Conversely, the approach recognises that when conservation is low the BLOSUM score may not be strong evidence. It has not left our attention that determining evolutionary rates requires nucleotide MSAs, which can be challenging to obtain. Therefore, to mitigate this challenge the database EvoDB is provided (described above) and BLOSUMFIRE allows for the comparison of protein sequences with evolutionary rate profiles in a one sided comparison. However, this comparison may not be as robust as a pairwise evolutionary rates comparison. To allow for this onesided comparison, the algorithm assumes that all the protein residue sites for the protein sequence without ω MLEs are highly conserved such that ω = 0.
A variable gap penalty scheme
The affine gap penalty scheme used in the FIRE algorithm proposed by [34] and [35] was modified for the BLOSUMFIRE algorithm to make it more variable depending on the selective pressure at codon sites. A variable gap penalty scheme similar to the form described by [36] is proposed. Furthermore, Equation (1) was also adopted for approximating the selective pressure at codon sites to determine the gap penalties. The proposed variable gap penalty uses the same principle for adjusting BLOSUM scores. Consequently, those sites that are highly conserved have relatively high gap penalties given by the equation:
$$ P=g{e}^{a}+tl{e}^{x} $$
(7)
where P is the total gap open penalty g, is the initial gap open penalty t, is the initial gap extension penalty l, is the length of the gap, e
^{− a} is the approximated selective pressure at the codon site, a is the ω value where the gap is opened and similarly, e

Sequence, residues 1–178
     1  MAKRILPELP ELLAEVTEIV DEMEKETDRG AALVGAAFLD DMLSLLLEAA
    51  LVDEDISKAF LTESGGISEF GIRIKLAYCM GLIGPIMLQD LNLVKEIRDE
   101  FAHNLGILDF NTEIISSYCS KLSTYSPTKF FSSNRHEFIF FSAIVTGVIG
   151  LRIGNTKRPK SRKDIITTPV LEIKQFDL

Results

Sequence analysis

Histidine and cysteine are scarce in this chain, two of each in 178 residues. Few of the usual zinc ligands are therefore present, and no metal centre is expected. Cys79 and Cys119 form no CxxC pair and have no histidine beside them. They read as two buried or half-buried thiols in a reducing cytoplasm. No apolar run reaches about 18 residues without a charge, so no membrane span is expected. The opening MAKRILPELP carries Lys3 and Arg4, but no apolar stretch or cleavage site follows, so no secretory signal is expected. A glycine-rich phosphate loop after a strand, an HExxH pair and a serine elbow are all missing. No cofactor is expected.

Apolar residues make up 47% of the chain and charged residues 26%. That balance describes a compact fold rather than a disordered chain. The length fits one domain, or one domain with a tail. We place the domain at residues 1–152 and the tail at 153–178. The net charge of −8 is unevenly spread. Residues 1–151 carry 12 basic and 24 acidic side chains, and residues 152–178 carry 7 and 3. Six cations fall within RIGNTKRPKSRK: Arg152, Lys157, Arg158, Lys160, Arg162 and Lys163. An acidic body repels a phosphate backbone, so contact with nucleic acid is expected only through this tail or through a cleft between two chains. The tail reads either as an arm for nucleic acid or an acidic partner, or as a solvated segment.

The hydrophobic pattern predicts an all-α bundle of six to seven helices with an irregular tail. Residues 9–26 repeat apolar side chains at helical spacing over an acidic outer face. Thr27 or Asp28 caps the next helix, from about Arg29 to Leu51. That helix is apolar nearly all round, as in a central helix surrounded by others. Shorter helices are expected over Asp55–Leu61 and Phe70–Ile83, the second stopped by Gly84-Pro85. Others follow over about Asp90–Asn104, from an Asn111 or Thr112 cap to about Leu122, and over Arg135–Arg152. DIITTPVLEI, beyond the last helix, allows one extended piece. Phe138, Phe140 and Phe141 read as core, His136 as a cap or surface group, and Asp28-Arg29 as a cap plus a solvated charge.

^{− x} is the approximated selection pressure where x is the ω value for the site where the gap is extended. Therefore, gaps are extended based on the level of conservation at each site where the gap open penalty and its extension thereof varies as a function of the evolutionary rate at each site. According to this penalty scheme, variable sites are more likely to be gap insertion or extension sites than conserved sites.
Determining optimal gap penalties for the new BLOSUMFIRE algorithm
Theoretical guidelines for the determination of gap penalties are scarce. In this study an empirical approach similar to the investigation by [37] was adopted. The datasets consisted of 50 amino acid sequences with their ω MLEs of varying sequence lengths randomly selected from the PfamA seed alignments database (ver. 27.0) [20]. The BLOSUMFIRE score was used as a proxy for the quality of the alignments, the score is the mean of the sequence identity and the normalised evolutionary rate score (old FIRE score) for that alignment. We aligned the Pfam sequences against each other for iterations of the gap penalties. Iterations were carried out using gap open penalties in the range [0,11] and gap extension penalties in the range [0,6]. Analysis was only carried out on the gap penalties and the BLOSUMFIRE score for that alignment.
Evaluating the effect of MSA quality on the final alignment
We evaluated the effect of sequence number and MSA accuracy on the final alignment. To evaluate the effect of number of sequences on the final alignment, 10 Pfam families were randomly selected and using between 3 and 20 taxa we investigated how shuffling the order of sequences in the MSA affected the BLOSUMFIRE score. The domains with the varied number of sequence were aligned with the same domain with 20 sequences. The effect of MSA accuracy on the final alignment was investigated using the heat shock hsp70 (PF00012) domain using nucleotide sequence data corresponding to the manually curated Pfam alignments from EvoDB. Using the MAFFT algorithm and by iteratively increasing the gap open penalty from 0 to 3 in increments of 0.1, we were able to obtain alignments of varying quality and accuracy using the comparison against the alignment generated using default parameters as a performance measure. These alignments were then aligned to the reference alignment to evaluate the effect on the final alignment. Phylogenetic trees for the above experiments were determined using the CLUSTALO program and ω profiles were determined under the M2a model using CODEML.